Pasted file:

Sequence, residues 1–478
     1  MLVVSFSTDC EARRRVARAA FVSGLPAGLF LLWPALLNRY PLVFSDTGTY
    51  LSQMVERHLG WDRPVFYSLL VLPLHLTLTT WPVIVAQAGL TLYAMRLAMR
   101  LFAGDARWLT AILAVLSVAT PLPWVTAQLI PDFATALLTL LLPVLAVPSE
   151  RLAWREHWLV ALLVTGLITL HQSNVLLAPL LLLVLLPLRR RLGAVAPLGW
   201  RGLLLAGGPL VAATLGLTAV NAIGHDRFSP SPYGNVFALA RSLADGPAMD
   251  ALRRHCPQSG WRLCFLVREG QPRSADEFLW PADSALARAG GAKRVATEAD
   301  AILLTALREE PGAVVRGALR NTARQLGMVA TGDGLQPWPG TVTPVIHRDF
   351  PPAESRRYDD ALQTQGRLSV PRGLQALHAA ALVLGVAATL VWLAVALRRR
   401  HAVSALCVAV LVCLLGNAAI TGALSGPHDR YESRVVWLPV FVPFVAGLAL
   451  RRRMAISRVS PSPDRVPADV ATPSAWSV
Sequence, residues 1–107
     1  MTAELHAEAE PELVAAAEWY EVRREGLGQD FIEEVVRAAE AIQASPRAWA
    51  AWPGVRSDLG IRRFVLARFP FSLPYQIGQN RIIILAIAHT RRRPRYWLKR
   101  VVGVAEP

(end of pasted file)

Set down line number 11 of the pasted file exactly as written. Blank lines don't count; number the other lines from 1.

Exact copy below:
   451  RRRMAISRVS PSPDRVPADV ATPSAWSV